CHICAGO — The Chicago Infrastructure Trust has tapped Stephen S. Beitler, a founder and managing director at a Chicago area private equity investment and advisory company, to serve as its first executive director.
Beitler was among the founders more than a decade ago of Dunrath Capital which invests in companies primarily through its Dunrath Capital Infrastructure Surety Fund LP and provides strategic advisory services and proprietary research.
Beitler previously held executive positions at Sears, Roebuck and Co. and Helene Curtis Inc. which is now part of Unilever. The former Green Beret is also retired Army lieutenant colonel who during his military career served as chief of staff to the Undersecretary of Defense.
"Steve is a great choice to lead the Infrastructure Trust, and I look forward to seeing the work of the trust as it explores innovative opportunities to improve Chicago's infrastructure," Chicago Mayor Rahm Emanuel said. "I am focused on building a world-class infrastructure to support a world-leading economy in Chicago."
The trust chose Beitler after an executive search conducted by the firm Spencer Stuart on a pro-bono basis.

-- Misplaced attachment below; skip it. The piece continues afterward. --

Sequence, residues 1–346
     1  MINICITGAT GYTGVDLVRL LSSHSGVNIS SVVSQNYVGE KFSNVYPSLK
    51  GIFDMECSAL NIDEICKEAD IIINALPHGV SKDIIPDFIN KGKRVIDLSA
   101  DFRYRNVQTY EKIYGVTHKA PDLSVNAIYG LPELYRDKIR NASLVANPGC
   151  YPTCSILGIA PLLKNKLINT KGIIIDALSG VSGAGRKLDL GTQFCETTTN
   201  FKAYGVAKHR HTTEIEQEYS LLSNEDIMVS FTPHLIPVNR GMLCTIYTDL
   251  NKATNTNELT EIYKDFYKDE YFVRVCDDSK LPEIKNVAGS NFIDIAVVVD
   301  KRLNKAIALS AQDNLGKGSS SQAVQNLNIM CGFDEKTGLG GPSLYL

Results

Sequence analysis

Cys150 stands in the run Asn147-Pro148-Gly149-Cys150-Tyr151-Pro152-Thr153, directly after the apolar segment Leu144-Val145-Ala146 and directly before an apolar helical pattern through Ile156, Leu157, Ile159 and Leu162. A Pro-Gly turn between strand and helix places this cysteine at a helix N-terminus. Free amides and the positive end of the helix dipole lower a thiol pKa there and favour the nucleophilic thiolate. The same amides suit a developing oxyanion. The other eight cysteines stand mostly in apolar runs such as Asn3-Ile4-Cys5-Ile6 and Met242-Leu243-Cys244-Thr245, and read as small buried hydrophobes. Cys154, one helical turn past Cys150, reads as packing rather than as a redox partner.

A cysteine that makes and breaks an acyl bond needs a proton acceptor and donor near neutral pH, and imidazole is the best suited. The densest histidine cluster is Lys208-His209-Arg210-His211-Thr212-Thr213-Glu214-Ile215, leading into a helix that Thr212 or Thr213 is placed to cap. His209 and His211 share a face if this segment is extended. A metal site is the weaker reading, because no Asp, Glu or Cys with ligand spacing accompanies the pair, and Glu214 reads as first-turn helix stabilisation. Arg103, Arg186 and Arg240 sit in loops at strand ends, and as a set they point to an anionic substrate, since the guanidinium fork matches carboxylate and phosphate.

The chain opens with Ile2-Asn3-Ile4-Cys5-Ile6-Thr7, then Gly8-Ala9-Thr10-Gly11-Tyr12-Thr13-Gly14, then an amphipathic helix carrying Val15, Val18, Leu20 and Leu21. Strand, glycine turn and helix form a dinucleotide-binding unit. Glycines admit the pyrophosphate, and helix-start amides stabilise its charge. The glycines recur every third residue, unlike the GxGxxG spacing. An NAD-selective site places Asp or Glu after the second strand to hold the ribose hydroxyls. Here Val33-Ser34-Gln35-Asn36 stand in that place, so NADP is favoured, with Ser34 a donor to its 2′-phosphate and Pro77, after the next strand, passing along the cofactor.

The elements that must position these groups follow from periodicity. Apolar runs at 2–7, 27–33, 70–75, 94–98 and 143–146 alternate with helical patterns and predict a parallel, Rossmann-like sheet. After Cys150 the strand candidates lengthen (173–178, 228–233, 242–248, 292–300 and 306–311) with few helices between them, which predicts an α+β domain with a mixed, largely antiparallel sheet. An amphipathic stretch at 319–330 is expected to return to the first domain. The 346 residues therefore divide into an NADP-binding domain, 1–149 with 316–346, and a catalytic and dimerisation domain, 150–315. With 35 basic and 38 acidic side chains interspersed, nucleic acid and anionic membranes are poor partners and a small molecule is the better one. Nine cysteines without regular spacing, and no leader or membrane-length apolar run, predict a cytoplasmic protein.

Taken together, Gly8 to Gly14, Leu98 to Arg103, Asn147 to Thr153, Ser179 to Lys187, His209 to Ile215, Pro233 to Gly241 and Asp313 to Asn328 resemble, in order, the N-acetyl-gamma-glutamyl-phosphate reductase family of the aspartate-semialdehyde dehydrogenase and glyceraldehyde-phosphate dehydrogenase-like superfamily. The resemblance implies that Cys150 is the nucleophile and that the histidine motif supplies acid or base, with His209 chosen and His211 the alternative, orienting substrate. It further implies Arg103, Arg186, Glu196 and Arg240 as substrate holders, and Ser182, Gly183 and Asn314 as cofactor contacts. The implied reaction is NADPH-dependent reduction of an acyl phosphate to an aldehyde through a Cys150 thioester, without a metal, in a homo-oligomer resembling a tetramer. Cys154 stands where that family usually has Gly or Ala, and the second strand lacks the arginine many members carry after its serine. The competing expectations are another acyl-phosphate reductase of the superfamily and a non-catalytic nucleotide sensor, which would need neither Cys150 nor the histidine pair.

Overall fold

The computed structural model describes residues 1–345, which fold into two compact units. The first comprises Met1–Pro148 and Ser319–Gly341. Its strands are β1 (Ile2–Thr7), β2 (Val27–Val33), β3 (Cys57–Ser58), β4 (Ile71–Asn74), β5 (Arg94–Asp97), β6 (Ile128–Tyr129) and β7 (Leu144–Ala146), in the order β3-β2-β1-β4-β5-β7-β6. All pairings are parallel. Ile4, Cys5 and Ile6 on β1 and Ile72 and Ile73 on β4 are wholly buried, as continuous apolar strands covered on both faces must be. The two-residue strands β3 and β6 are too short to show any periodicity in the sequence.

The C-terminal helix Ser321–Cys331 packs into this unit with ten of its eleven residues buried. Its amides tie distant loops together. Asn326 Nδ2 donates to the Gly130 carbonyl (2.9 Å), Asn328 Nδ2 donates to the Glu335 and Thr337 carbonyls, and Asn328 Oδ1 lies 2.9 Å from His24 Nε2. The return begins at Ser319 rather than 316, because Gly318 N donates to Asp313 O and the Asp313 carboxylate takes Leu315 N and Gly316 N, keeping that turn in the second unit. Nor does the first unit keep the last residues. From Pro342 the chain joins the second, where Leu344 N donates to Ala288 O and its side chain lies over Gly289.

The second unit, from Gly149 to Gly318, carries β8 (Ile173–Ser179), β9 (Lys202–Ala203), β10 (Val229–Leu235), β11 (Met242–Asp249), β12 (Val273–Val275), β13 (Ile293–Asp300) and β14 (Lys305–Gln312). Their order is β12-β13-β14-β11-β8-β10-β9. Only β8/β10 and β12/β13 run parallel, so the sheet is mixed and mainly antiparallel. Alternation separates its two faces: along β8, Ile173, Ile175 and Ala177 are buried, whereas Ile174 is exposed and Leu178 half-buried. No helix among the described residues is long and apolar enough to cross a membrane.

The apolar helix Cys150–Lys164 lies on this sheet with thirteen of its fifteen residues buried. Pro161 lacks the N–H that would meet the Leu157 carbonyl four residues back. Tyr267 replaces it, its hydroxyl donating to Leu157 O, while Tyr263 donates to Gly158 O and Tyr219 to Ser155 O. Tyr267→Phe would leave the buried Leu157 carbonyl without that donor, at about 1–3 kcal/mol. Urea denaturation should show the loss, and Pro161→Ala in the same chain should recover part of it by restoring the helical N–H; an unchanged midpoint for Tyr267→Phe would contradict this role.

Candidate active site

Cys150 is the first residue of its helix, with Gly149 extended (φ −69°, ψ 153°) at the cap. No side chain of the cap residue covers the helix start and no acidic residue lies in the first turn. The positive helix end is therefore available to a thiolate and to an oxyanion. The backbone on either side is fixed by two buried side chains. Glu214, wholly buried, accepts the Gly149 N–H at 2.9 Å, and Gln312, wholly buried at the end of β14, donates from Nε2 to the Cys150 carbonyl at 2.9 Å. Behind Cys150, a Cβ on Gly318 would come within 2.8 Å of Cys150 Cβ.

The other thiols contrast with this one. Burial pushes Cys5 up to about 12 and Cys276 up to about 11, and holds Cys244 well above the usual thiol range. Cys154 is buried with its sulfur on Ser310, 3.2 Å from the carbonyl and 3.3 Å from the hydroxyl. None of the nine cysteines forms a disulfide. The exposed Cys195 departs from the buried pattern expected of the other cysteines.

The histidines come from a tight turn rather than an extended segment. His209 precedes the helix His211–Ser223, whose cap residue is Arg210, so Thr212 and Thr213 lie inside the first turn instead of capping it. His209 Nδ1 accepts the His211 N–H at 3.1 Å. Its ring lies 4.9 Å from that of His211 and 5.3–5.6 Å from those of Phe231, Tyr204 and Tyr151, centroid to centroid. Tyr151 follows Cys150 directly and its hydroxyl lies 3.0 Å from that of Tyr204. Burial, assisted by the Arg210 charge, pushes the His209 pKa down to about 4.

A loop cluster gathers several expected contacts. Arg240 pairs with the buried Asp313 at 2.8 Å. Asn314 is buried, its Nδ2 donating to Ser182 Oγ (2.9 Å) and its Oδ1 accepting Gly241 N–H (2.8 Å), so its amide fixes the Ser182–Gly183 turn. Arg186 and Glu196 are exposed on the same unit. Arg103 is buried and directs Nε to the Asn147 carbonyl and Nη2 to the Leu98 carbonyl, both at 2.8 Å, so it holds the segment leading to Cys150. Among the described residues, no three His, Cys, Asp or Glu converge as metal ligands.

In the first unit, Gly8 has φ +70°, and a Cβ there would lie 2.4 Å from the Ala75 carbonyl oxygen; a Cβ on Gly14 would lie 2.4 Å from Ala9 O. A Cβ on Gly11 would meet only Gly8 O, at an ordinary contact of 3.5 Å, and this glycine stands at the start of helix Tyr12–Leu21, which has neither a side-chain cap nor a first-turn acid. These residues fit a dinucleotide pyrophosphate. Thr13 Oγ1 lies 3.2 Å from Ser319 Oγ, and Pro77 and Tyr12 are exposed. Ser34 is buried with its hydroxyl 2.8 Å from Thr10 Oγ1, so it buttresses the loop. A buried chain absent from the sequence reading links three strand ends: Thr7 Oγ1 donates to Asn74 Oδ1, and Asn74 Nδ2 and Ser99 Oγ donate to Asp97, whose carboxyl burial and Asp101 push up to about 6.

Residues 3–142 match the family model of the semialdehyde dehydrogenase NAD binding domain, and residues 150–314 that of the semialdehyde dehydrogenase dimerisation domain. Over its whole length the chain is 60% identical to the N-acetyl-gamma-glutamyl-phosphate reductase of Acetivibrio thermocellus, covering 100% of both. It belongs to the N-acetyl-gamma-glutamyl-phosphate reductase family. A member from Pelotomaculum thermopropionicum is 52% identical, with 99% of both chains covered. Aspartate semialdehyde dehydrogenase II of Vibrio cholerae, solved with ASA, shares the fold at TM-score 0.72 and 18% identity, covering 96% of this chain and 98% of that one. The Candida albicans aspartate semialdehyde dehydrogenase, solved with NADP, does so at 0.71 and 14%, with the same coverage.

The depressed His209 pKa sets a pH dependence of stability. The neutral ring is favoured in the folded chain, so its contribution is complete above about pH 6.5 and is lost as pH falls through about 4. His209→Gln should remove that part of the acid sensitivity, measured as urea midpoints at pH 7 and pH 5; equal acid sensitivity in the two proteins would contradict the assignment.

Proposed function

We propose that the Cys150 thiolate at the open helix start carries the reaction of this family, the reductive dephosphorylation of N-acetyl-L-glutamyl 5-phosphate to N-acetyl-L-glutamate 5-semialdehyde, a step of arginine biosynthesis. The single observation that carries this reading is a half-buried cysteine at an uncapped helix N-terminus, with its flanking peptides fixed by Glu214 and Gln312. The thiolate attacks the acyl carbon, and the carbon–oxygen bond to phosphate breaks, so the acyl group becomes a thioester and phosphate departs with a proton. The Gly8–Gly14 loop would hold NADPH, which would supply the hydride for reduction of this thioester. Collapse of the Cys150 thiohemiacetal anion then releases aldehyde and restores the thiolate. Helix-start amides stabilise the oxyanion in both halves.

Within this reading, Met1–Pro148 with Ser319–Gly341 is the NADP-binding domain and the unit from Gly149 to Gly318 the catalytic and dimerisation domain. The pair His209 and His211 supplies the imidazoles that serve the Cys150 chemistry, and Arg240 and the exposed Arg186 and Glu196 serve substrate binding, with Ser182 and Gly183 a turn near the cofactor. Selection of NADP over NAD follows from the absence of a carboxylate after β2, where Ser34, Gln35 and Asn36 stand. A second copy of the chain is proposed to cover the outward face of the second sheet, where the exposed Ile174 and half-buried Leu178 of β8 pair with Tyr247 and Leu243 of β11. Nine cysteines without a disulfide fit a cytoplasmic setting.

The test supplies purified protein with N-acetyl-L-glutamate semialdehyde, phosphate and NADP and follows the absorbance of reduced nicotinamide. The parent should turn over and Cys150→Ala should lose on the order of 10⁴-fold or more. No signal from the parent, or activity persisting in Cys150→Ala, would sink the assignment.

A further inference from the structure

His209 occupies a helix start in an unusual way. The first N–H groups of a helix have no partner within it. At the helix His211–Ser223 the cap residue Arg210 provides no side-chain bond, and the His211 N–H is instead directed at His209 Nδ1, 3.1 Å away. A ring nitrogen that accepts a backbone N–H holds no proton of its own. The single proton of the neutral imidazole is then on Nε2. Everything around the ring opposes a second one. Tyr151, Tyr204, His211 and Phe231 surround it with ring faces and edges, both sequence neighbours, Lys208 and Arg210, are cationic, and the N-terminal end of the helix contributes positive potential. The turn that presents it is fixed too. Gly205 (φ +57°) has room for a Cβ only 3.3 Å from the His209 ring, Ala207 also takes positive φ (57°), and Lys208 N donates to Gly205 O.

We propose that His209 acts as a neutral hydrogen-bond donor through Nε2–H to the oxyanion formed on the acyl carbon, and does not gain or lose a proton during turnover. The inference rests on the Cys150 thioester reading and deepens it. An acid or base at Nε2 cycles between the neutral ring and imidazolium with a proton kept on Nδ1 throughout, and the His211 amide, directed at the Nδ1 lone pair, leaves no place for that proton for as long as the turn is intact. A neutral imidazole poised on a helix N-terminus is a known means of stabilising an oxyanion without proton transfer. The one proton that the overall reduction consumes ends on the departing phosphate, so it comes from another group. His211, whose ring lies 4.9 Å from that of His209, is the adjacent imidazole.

The trust recently launched a search for private market interest in providing up to $100 million of financing for energy efficient upgrades to city facilities and schools - its first project financing since its creation last year.
The trust, in conjunction with the city and the Chicago Public Schools, posted a request for qualifications seeking statements of interest and qualifications from potential investors by a March 6 deadline.
The RFQ is seeking responses from any parties, including investors, energy savings consultants, and retrofit contractors interested in providing financing for projects planned under Retrofit Chicago.
The city hopes to finance more than $200 million of projects in a series of transactions beginning this year with a tranche of up to $100 million and then on an as-needed basis. The goal is to achieve 20% in energy savings through reduced utility and maintenance costs.
If a financing comes to fruition as city officials hope, it would mark the first undertaking by the trust, created last year by the city to tap private investment in the funding of infrastructure development while preserving the city's stretched bonding capacity for traditional infrastructure.